Spring is the time of the year that we most look forward to, with many of our most impressive orchids flowering in this season. The first of our colourful orchids, the yellow and brown Leopard Orchid, Diuris pardina, was seen flowering in early August at Fairhaven, with further observations now recorded throughout the Anglesea district. Look for the brown blotches on the back of the long-stalked upright yellow petals.
The second species of Diuris to flower in our district each year is the Donkey orchid, D. orientis, which usually flowers just as the Leopard orchids are finishing. The petals are large and erect, looking a little like donkeys’ ears. Later in spring you may find two more Diuris species, Golden Moths, D. chyseopsis, or the Tiger Orchid, D. sulphurea which are both rare in the district.
Greenhood orchids are still continuing to impress us all with large colonies of the familiar Nodding Greenhood, P.nutans, being observed in many places. But there are now many other greenhood flowers to stumble upon. Small colonies of the tiny Dwarf Greenhoods, P. nana, are appearing in heathland and forests, and some magnificent colonies of Maroonhoods, P. pedunculata, have been observed.
The Blunt Greenhood, P. curta, with its large blunt flower and twisted labellum may be seen in open forests and woodlands. This species prefers Aireys Inlet to Anglesea, and is not often seen.
Tall Greenhoods, P. melagramma, are having a good year with many tall plants seen along the edge of tracks. Late in July we were excited to find a small number of the extremely rare Green-striped Greenhoods, P. chlorogramma, growing in the Gum Flat area. Similar in appearance to the Tall Greenhood, the shape of the hood is more rounded and usually has a green central stripe on the labellum, in contrast to the brown stripe on the labellum of the Tall Greenhood.
Look for the Anglesea endemic orchid, Unicorn Bearded Greenhood, P.unicornis, with the long pointed tip on the end of its hood. It is producing distinctive rosettes at the present time and should be flowering in September. The smaller, Southern Bearded Greenhood, P. tasmanica, starts flowering later in October. These are both rare orchids.
The first spider orchid we recorded to flower this year was on 11 August when the Wine-lipped Spider Orchid, Caladenia oenochila, was seen in flower in the O’Donohue area. This orchid can sometimes be confused with the Southern Spider Orchid, C. australis., which flowers later. This rare species also has a dark red labellum, but it has dark red flattened clubs on the sepals. Many other hairy spider orchids are appearing throughout the district but are not easy to identify until the flower appears.
The distinctive Mayfly Orchid, Acianthus caudatus, with its long filamentous sepals and heart shaped leaves are being seen in many places and should continue to flower for many weeks. On warm days the flowers emit an unpleasant odour and this attracts a high level of insect activity. Both species of Gnat Orchids, Cyrtostylis reniformis and C. robusta are continuing to flower.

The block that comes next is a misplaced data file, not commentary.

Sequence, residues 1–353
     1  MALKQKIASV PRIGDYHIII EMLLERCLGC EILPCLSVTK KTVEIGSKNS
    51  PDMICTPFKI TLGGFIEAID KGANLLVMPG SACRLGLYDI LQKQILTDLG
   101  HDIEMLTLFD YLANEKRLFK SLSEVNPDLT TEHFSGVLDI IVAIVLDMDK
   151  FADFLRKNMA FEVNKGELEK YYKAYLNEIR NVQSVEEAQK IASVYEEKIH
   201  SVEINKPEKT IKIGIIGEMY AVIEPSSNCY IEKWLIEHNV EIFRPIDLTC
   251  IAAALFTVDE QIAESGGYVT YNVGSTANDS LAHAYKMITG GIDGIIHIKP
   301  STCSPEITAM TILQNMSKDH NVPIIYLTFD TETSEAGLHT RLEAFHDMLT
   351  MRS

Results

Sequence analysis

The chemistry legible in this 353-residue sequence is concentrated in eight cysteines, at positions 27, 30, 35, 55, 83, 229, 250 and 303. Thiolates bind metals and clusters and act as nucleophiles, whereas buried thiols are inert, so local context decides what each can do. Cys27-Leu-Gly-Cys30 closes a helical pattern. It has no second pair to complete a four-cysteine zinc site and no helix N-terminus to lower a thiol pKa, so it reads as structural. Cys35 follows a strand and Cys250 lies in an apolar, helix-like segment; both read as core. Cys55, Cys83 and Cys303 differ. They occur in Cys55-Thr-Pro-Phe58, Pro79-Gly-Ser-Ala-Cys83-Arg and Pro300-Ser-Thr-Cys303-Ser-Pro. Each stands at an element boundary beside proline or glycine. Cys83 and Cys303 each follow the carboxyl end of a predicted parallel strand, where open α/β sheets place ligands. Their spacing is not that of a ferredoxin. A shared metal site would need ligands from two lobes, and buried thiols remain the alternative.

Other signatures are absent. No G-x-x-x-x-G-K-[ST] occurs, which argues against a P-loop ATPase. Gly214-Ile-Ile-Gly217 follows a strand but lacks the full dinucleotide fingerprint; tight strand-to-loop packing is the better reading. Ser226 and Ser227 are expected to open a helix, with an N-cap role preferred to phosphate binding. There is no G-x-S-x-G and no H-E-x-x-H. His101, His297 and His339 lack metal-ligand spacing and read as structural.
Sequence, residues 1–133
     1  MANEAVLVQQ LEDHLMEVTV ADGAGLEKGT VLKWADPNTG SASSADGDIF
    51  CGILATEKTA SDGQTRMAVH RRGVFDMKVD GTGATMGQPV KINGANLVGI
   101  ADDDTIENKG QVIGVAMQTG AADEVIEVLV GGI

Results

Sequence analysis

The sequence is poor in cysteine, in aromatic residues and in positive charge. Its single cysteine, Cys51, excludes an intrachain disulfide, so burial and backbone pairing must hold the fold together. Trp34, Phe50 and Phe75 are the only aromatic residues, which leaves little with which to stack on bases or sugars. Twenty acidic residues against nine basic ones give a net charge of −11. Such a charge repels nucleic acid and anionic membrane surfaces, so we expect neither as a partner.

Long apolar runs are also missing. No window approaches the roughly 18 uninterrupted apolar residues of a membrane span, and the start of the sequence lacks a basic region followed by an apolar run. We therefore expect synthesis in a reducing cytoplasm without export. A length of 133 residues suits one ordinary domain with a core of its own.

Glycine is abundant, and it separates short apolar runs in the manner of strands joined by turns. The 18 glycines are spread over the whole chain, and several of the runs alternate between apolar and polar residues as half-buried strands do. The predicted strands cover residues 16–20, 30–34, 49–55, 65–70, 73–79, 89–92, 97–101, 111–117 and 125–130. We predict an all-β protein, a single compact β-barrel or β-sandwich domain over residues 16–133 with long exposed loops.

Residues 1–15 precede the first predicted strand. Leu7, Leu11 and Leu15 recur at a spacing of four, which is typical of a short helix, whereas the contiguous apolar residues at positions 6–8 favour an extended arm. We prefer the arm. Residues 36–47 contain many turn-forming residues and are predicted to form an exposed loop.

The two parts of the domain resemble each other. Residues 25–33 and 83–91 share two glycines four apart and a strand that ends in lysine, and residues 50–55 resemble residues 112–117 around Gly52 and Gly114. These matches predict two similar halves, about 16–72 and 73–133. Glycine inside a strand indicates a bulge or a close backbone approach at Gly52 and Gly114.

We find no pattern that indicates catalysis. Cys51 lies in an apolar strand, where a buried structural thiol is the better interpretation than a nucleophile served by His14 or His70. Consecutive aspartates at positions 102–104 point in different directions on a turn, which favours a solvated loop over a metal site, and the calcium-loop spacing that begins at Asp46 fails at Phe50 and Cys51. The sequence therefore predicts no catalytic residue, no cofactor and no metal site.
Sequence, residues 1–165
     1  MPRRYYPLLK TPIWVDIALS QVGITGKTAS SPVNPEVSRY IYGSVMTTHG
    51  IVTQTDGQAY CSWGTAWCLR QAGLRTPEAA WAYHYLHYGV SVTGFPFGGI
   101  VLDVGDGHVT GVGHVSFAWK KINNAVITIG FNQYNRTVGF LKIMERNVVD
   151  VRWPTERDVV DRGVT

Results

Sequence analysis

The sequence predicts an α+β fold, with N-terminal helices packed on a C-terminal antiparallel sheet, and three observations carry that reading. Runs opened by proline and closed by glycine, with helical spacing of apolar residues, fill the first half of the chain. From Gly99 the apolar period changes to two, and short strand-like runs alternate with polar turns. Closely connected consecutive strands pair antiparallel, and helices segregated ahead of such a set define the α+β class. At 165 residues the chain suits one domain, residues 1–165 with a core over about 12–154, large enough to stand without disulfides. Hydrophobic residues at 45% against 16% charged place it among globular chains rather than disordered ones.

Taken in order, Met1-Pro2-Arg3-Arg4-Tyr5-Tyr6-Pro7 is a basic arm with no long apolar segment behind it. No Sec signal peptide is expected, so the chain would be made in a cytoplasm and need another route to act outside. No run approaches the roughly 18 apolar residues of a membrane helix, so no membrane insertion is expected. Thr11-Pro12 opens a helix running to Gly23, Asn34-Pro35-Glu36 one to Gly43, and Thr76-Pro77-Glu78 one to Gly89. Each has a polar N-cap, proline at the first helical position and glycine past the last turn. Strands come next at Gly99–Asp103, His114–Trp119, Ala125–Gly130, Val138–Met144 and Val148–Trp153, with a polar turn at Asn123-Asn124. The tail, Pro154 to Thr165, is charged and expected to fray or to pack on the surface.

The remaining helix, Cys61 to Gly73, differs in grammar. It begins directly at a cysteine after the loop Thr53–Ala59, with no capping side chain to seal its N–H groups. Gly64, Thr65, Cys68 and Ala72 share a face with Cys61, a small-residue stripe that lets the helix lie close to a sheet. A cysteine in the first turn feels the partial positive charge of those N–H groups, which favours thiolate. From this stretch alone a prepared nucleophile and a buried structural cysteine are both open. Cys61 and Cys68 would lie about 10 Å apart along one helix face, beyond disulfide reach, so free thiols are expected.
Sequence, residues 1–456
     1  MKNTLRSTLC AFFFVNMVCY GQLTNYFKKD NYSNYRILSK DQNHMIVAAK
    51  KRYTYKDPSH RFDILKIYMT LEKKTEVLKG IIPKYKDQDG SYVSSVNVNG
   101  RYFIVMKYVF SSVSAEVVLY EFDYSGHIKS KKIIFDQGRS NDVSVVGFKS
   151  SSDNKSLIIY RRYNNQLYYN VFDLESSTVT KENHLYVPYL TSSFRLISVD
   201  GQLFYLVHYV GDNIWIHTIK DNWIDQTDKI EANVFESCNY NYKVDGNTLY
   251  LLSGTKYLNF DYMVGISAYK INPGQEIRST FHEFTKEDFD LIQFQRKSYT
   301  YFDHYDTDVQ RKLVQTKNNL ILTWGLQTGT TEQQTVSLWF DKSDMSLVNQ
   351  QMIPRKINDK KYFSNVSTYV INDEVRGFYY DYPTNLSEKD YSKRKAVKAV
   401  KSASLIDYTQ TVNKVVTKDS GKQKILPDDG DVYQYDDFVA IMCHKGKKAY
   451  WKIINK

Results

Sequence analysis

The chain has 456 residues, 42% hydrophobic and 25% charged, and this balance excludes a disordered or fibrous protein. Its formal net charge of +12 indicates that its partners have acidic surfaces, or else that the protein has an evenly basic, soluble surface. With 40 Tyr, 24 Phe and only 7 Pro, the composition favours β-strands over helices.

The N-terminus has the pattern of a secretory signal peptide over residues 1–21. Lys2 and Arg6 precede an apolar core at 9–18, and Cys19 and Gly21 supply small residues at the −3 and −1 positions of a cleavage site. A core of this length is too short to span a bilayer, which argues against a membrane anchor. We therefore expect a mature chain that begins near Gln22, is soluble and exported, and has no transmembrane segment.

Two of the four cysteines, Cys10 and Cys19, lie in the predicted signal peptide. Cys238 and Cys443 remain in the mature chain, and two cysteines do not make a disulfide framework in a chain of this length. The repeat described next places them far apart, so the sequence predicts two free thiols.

We were just waiting for Bluebeard Orchids, Pheladenia deformis, to appear, especially in the burnt areas where they often grow in spectacular clumps. Suddenly we got a message from Helen and Lance to say they had seen a small one at the top of Messmate Track.
And the ever-reliable Wax-lip Orchid, Glossodia major, should very soon be seen in all shades of purple. We have observed many buds during the last few weeks so expect lots of flowers in the next few months.
Leaves of Hare Orchids, Leptoceras menziesii, are being seen in areas which have recently been burnt. Tiny buds are forming at the base of many of the leaves and this is very exciting, as although we have many colonies of leaves for this species each year throughout the district we seldom see flowers unless the area where they are growing has been burnt. We are hopeful for a spectacular display in spring. We are also seeing buds on the large fleshy leaves of Red Beaks, Pyrorchis nigricans, which will perhaps flower in September. This species also requires a burn to produce a flush of flowers although occasionally we find one or two flowers each year in an unburnt area.
Also flowering in September and known from just one site in the district, are Brown Beaks, Lyperanthus suaveolens. These orchids don’t need fire to flower.
You may ask what about the sun orchids. To many people these colourful orchids are the highlight of the orchid season. We can say that a variety of sun orchid leaves are appearing throughout the district and we were amazed to find two well-developed flower buds on the Great Sun Orchid, Thelymitra aristata in mid-August. If not taken by a hungry kangaroo or wallaby we should have some spectacular flowers to show in late September.
We have also observed a good number of the wide leaves of the Blotched Sun Orchid, T. benthamiana. This is one of our later flowering sun orchids. The leaves appear early, but the flowers are usually seen in November and December. October is the peak month for the sun orchids so if there is a hot, sunny day early in October make sure you head out to enjoy their beauty.
These are just some of the orchids to be seen in the next few months, so please let us know if you find something special. We appreciate your support, and it is so important to record all sightings.
All of our orchids are documented and photographed in Orchids of the Anglesea District. The new edition costing $30.00 is available from the Angair Natural History Centre on Monday and Thursday mornings, online through the Angair website and from Anglesea News & Lotto and Great Escape Books in Aireys Inlet.
Margaret MacDonald email@example.com Alison Watson firstname.lastname@example.org